Sunday, August 13, 2006

A Special Summer with the Rockies

Something funny happened this summer. It wasn't just my rabid anticipation to quit the modest foothills of Evergreen, Colorado, and jet cross-country to New York, where I'm starting my freshman year in college this fall. It was something a little different, something which made this summer one of the best in recent memory.

I discovered the Rockies.

Well, it wasn't as if I'd been unaware of them before. Born in Denver, and having lived in Colorado for the greater part of my formative years with the exception of a four-year detour out East, I did at least have a working knowledge of the boys in purple and silver. However, my family moved back in 1997, and by then, the Rockies' brief flirtation with success - the 1995 Wild Card and the Blake Street Bombers - had already evanesced into distant memory. Larry Walker, Todd Helton, Vinny Castilla - they were all still around - or in Helton's case, just starting on the way up - but the Rockies began their fade right around then, vanishing into ignominy permanently in the NL West cellar.

I'm a girl who honestly, truly, and completely loves baseball. During the aforementioned detour to the East, my family lived in Columbus, Ohio, and we got to 10-15 games a year (all with dugout seats) for the Columbus Clippers, the Triple-A affiliate of the New York Yankees. My two sisters and I would play "baseball" with our dad in the backyard, using the balls that the players would roll to us over the dugout, taking our gloves along wherever we went, telling stories about the players, and more. Ah, the glory days of youth.

Naturally, we were Yankees fans for quite a while, but eventually started to drift off them, and the acquisition of A-Rod just killed the franchise for us. My younger sister, who's also my best friend, and I had already moved onto our current #1 - the Oakland Athletics - and eventually, the St. Louis Cardinals joined the ranks as well. But not the Rockies. Not yet.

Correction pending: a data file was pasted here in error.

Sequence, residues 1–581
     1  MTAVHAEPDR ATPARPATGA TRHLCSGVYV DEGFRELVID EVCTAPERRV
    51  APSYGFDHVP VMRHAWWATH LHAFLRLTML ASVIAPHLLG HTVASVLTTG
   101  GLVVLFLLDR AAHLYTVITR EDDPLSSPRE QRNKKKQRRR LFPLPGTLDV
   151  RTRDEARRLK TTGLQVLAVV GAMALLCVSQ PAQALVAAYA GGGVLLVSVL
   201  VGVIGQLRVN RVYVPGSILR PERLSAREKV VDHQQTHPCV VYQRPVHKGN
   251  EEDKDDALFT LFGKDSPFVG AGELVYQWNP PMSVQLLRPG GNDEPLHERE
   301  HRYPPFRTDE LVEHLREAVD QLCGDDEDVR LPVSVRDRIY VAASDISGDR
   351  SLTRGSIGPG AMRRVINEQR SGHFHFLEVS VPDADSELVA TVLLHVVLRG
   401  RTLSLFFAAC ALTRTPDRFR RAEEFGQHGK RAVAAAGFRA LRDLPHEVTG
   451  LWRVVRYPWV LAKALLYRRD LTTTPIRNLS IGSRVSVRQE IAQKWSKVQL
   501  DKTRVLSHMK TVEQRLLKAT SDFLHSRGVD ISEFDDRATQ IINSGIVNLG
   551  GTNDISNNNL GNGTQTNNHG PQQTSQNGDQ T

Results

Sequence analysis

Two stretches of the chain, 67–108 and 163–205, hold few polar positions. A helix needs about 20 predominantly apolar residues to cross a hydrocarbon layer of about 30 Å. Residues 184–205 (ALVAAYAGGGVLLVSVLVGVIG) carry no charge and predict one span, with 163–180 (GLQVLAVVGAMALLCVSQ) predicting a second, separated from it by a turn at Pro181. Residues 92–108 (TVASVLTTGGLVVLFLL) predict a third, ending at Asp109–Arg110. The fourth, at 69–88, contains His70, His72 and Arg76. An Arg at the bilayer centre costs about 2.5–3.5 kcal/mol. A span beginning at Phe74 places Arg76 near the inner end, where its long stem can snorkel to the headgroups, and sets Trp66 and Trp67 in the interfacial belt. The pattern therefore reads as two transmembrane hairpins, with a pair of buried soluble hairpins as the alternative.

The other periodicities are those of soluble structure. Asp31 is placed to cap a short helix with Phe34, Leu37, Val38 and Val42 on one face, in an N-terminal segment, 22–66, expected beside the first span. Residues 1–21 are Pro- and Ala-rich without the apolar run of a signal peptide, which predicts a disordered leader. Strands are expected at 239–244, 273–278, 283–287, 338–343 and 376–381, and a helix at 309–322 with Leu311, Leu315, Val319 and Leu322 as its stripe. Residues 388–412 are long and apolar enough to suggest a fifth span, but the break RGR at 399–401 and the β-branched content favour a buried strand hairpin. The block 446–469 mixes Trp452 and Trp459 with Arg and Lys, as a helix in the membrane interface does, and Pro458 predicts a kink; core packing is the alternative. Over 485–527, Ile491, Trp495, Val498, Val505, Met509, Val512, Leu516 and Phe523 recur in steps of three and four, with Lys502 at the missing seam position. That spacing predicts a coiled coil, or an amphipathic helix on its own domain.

There is something of a tradition in our house of following the Rockies, if only to groan at all the bad decisions made by Dan O'Dowd, Clint Hurdle, and Co. We didn't pay much attention to them in the grand scheme of things, and generally expected them to inhabit the cellar. They never disappointed us in this regard.

That changed this summer. It started when my dad bought tickets to all three of the Rockies/Athletics games for my high school graduation gift. And, well, the A's are my favorite, so I couldn't exactly root against them, and I wasn't yet a Rockies believer. So I was there for all three games - the first two were a disappointment, the third was awesome - and managed to snag a Ladies Night voucher on Wednesday.

This introduced my sister and I to the lovely concept of free tickets, which we took full advantage of. All three of us - my two sisters and I - went to the July 5th game against the Giants and freely rooted for the Rockies, partly because we dislike the Giants and Barroids Bonds intensely. But something happened. We didn't root for the Rockies just because we had to. The Rockies were fun. They played hard. They actually ran out ground balls, unlike the old, slow, lazy farts with San Francisco across their chests. There was a spark among the fans. Even in Denver, notoriously known as Broncos country, people cared about their baseball.

My other favorite team, the Cardinals, hit town for a July 25th and 26th pair of games, both of which a combination of sisters and I attended (myself and younger for the first, myself and both for the second) and, well, I can't root against the Cards either. But this time, even though I (admittedly) cheered the Cards on to victory in both games, I felt a little bad for having to root against the Rockies to do so.